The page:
The Chrome Bull Listening Sessions

Changing Plans: When the Chrome Bull EP couldn’t be released on time, Duckwrth and his manager, Xtina Prince, opted to change the tour to become an exclusive listening session for his new material. (Photo by Alexander Wylie)

Duckwrth’s black glittering shoes slide effortlessly across the stage floor at New York City’s Webster Hall on Oct. 9. The crowd anxiously awaits his entrance to the stage, their enthusiasm never wavering for even a second throughout his entire set. Duckwrth opens with his 2016 single “I’m DEAD” ahead of the new songs from his upcoming EP, Chrome Bull, due out Oct. 21.
   Backstage, Duckwrth talks of how he learned choreography for this tour – something he hasn’t incorporated in his live show before. As he moonwalks and the rest of his band dances behind him, the hard work pays off.
   The audience screams as he plays the opening notes to “Ce Soir,” one of his newest releases. 

Chrome Bull incorporates dance elements, his drummer providing a steady drum and bass beat for one of the yet-to-be-released tracks. His charisma includes jokes onstage with the audience as he introduces another unreleased song, “11:30,” and his smooth moves appear effortless. 

The audience, while not-quite filling the floor of New York City’s Webster Hall, enthusiastically responds to his new material. The exclusive first-look is well-received by his fans, who deafeningly call for not one, but two encores. Even the balcony shakes during his performance, Chrome Bull infecting every soul in the crowd. 

Dance music is nothing new in Duckwrth’s music. Nowhere, released in 2015, includes the drum and bass-infused “I Got A Lazer.” The current wave of Duckwrth’s vision came with his March single “Power Power.” He followed that release in June with a Snakehips collaboration, “All Around The World.” “Ce Soir” marked his first official foray into Chrome Bull, the collaboration with Sydney Loren Bennett highlighting his French influences and solidly incorporating dance music into his upcoming project.

Onstage Swagger: Duckwrth’s performances pull influences from Michael Jackson’s skilled dance moves, his glittering shoes similar to the late icon’s (Photo by Alexander Wylie)

Chrome Bull expands on the genre-fluid sound Duckwrth is known for. R&B remains a dominant form in all his tracks, while some songs find him rapping more often than he sings. Duckwrth is far from the first to infuse the two, this summer saw a recent trend where both Drake and Beyoncé released dance albums.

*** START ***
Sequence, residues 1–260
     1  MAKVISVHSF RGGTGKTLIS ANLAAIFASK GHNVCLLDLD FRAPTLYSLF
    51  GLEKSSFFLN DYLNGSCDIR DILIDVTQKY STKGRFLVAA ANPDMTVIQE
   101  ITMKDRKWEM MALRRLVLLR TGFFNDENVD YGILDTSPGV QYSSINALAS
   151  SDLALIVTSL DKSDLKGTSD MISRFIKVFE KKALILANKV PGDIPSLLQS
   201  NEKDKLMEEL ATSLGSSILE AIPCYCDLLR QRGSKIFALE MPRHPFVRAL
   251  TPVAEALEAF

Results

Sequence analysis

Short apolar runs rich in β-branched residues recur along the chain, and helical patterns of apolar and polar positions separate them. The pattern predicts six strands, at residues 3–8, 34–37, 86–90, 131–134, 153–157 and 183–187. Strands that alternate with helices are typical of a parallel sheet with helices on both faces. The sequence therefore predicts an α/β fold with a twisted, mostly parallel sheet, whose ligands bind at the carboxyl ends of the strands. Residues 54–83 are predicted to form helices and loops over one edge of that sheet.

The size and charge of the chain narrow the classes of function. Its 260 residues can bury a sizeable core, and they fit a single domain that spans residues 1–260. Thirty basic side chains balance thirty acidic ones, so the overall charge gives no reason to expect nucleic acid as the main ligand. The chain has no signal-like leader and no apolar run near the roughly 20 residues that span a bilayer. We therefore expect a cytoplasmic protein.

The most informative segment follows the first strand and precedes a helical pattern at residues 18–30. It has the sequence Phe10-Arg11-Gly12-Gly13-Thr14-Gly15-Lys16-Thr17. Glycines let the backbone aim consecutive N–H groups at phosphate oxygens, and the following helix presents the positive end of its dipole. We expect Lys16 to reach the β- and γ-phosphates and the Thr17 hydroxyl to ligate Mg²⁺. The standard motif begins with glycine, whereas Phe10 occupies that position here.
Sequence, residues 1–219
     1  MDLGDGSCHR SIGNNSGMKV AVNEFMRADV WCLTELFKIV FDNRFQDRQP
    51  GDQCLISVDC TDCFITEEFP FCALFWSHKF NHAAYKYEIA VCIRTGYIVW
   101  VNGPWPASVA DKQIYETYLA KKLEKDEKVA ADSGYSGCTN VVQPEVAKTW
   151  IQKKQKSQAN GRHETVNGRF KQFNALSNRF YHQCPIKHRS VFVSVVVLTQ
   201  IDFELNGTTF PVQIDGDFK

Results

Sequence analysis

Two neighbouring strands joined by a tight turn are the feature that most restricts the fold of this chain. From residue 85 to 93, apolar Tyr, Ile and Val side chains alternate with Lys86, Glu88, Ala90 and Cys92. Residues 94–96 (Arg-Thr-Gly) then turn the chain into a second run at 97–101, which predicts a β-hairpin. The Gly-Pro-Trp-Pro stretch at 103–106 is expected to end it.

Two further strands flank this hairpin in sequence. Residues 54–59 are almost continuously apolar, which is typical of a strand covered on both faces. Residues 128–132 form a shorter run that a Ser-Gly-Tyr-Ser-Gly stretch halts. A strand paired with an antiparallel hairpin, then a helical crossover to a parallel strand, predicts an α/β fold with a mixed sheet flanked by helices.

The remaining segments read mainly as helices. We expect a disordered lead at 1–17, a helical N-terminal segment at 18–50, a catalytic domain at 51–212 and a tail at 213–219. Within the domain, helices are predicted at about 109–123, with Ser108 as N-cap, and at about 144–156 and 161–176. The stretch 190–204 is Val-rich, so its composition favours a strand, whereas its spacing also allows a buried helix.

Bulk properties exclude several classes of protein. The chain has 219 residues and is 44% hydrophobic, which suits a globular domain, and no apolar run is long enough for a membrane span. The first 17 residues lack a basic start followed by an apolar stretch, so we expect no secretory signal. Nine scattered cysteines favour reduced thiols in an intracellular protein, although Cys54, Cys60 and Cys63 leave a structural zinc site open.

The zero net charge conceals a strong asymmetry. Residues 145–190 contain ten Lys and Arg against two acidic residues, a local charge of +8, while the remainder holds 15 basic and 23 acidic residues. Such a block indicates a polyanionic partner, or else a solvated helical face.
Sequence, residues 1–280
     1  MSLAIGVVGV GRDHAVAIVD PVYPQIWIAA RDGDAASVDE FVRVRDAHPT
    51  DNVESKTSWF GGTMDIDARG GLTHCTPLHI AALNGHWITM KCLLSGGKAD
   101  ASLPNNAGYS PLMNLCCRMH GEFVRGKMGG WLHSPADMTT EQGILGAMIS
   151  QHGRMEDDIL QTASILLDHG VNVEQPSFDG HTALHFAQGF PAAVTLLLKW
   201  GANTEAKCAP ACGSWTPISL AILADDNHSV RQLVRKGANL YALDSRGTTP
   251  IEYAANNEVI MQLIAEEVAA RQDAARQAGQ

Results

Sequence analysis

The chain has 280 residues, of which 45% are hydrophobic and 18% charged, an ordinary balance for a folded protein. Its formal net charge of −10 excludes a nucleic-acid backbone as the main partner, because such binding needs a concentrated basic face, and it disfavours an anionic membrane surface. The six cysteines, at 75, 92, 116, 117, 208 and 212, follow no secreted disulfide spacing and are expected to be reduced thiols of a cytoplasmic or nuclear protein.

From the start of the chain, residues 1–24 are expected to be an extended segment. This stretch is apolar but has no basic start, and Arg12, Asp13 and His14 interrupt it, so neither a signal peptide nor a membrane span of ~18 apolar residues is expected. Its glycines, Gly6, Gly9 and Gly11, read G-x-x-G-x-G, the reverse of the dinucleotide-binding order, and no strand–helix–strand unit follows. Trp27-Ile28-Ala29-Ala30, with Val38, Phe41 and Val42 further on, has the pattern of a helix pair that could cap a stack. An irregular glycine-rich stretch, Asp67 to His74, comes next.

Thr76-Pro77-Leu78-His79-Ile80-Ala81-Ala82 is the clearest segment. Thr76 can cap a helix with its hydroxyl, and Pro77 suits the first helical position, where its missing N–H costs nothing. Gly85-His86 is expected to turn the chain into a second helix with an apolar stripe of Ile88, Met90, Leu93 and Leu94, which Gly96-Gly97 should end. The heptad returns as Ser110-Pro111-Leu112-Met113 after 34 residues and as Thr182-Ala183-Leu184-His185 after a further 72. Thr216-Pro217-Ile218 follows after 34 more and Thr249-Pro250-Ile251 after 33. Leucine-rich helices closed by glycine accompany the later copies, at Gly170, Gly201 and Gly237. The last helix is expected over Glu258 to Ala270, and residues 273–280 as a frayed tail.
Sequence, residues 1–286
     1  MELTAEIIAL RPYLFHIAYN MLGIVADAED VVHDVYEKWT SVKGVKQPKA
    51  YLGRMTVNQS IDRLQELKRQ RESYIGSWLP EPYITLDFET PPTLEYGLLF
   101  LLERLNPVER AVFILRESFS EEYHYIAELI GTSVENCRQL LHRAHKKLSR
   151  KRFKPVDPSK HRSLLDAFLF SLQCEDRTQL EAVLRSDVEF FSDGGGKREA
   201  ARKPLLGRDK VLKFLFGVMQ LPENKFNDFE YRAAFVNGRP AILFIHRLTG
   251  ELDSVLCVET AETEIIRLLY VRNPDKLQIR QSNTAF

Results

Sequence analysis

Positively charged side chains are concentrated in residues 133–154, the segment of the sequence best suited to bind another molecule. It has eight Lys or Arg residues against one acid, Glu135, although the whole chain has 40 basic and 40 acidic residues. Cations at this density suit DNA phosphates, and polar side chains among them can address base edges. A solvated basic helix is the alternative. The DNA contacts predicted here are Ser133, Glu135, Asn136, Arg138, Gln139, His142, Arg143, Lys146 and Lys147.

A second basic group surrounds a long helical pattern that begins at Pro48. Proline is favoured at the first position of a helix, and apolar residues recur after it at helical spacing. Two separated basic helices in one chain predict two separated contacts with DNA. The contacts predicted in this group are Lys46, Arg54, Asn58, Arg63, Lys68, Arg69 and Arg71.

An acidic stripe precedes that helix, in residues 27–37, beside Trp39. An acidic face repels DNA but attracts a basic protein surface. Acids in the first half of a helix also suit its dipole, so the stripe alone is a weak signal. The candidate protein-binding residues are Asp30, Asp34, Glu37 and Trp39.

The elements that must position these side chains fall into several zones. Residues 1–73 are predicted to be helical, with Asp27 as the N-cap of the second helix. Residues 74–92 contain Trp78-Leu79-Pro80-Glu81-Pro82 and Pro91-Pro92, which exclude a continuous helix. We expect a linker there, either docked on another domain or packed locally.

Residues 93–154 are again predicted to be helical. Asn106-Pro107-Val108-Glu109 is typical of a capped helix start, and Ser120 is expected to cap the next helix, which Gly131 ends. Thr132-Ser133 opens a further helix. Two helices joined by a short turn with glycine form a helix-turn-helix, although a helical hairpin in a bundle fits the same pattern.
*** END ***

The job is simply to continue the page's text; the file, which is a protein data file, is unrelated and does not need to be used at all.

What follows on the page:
An epic drum solo features a costume change in the middle of Duckwrth’s performance. He pops back on stage dressed in a shirt emblazoned with the Chrome Bull logo. There, he takes a minute to introduce each member of his band: backup singer Just Liv, keyboardist Devin Smith, drummer Darryl Staves Jr. and bass player and keyboardist Budda Foster. 

Much like Duckwrth’s 2017 single “MICHUUL,” his performance proves his love for idol Michael Jackson, moonwalking as he sings about wanting to become “just like Mike” when he grows up. His shoes and gloves pay additional homage to the late artist, the “Chrome Bull Listening Sessions” carrying a certain MJ je ne sais quoi

Duckwrth recalled a story of returning back to in-person meetings following the pandemic lockdowns. The magnetic performer tells the tale of the one time he got anxiety, where he crouched down in the corner nervous about COVID. “Sometimes, as Tauruses, we can very much be like brick walls with little feet,” he says while stomping across the floor. “I thought I was impenetrable, but like everyone else I had anxiety. I was thinking back when I was 25, when I was 22, when I was 17.” The story serves as an intro to his song “Clueless.” 

During his second encore, Duckwrth performed a song he hasn’t yet learned all the lyrics for. Instead, he and his band danced on stage, grabbing the microphone during the chorus to sing along. His enthusiasm for performing on stage shines brightly, demonstrating that, despite all the obstacles he and his team faced to get there, everything was more than worth it.